Location:
    Staffordshire
    These type of questions get raised on many of the science forums I'm a member of.
    The problem is they often start with a premise that is not possible in the first place. So, yes I agree its a good question in that its quite easy to answer and understand. So long as its accepted that there is not always continuity between the hypothetical and actual reality.
     
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  9. telectrix
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    telectrix Scouser and Proud of It Trusted Advisor

    Location:
    cheshire/staffordshire
    Business Name:
    Telectrix
    if there were such a thing as zero resistance, my knees would allow me to get up off them in zero seconds, instead if the 2 minutes it takes now.
     
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  10. HandySparks
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    HandySparks Trusted Advisor

    Location:
    Hampshire
    Business Name:
    Neish Electrical Services
    That would be gravity, then. Get yourself a job as resident electrician on the moon; much easier.
     
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  11. telectrix
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    telectrix Scouser and Proud of It Trusted Advisor

    Location:
    cheshire/staffordshire
    Business Name:
    Telectrix
    if only:
     
  12. stummish
    Online

    stummish Active EF Member

    Location:
    leeds
    If you get 0 ohms on a circuit contact CERN immediately to collect a free Nobel prize! Surely 0 ohms would give you infinate amps, and any PD on the circuit will trip in an infinaltely short time. Divide by 0 and the universe will implode, the ultimate PD!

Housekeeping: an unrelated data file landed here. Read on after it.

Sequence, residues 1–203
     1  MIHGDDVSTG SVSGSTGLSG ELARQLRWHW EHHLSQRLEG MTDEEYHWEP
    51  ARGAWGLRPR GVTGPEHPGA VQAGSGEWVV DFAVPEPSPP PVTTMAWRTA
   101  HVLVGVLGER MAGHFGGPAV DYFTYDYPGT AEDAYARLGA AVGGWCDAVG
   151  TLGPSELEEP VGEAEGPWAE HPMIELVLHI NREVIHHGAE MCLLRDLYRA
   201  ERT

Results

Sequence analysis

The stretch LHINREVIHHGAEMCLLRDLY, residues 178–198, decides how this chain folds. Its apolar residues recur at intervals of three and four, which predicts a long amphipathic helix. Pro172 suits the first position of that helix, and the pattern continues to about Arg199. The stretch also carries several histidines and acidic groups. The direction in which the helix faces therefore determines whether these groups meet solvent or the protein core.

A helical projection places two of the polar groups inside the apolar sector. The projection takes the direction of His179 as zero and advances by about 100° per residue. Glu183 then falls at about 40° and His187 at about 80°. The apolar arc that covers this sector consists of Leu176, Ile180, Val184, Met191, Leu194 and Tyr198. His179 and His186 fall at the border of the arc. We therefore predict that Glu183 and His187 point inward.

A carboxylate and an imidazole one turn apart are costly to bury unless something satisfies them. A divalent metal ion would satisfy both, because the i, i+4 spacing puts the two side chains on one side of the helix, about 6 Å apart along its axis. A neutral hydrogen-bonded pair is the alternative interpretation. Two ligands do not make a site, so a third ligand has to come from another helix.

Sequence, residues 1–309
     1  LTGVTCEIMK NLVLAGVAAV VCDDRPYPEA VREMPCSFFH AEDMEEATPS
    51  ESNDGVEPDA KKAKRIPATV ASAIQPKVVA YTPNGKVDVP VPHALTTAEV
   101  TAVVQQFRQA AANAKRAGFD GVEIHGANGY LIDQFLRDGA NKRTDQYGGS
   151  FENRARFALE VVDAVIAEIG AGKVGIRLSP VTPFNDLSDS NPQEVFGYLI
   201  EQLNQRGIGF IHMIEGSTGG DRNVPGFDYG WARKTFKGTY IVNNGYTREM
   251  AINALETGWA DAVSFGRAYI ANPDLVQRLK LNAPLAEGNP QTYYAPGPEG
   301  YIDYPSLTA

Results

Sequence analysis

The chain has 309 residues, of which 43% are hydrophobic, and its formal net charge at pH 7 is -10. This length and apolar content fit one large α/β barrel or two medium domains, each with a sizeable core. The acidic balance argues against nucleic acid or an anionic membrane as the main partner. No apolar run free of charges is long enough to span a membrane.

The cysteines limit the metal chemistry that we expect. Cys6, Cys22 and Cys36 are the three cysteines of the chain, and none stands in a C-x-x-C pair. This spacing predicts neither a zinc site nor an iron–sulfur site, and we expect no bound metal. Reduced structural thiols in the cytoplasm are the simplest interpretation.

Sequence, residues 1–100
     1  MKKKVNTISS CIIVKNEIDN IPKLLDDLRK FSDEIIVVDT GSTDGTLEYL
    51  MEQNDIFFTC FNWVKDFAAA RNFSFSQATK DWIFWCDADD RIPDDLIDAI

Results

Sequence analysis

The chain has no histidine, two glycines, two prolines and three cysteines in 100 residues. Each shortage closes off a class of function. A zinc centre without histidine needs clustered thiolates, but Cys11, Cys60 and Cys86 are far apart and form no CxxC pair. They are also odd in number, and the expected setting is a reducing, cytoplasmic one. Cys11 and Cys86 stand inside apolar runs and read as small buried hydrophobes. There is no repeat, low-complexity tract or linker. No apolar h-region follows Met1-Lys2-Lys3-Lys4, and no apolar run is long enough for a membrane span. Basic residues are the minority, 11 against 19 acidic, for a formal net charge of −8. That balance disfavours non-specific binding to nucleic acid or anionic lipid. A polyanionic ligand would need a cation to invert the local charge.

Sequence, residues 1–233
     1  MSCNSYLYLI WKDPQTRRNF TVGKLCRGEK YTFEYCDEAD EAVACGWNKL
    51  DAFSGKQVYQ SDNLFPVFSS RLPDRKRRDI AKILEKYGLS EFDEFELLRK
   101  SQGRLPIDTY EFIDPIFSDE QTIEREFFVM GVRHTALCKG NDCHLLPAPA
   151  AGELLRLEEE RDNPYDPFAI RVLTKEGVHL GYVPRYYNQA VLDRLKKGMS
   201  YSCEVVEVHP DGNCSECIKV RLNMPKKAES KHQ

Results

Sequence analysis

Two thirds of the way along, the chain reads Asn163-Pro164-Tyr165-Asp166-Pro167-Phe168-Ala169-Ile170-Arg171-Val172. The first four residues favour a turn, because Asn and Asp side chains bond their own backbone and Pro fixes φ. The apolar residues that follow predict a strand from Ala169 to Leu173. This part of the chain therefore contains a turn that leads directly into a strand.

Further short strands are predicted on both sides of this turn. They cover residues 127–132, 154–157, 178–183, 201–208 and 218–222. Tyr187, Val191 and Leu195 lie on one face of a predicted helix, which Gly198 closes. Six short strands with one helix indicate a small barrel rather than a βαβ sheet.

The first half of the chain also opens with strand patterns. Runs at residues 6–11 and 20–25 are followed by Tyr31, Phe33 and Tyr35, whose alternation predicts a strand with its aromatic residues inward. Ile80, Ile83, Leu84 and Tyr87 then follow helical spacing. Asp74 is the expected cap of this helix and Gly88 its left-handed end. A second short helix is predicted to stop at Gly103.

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  13. dmxtothemax
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    dmxtothemax Regular EF Member

    Location:
    Australia
    Ignoring for now weather it is or isn't possible in practice,
    I always thought that to have a voltage ( or potential difference )
    then you need current flowing between two points
    with a resistance between these points.
    this is what gives you potential difference or voltage
    Am I correct or not ?
    SO NO RESISTANCE CAN ONLY = NO VOLTAGE ?
     
  14. Richard Burns
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    Richard Burns Trusted Advisor

    Location:
    Cambridgeshire
    Business Name:
    Richard Burns
    Yes V=IR so if R is zero, V is zero.
    There can be no voltage drop over a zero resistance, therefore no potential difference.
    i.e. the two ends of the zero resistance conductor are at the same potential.
     
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  15. dmxtothemax
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    dmxtothemax Regular EF Member

    Location:
    Australia
    Nuff said !
    Time for a beer or two or three.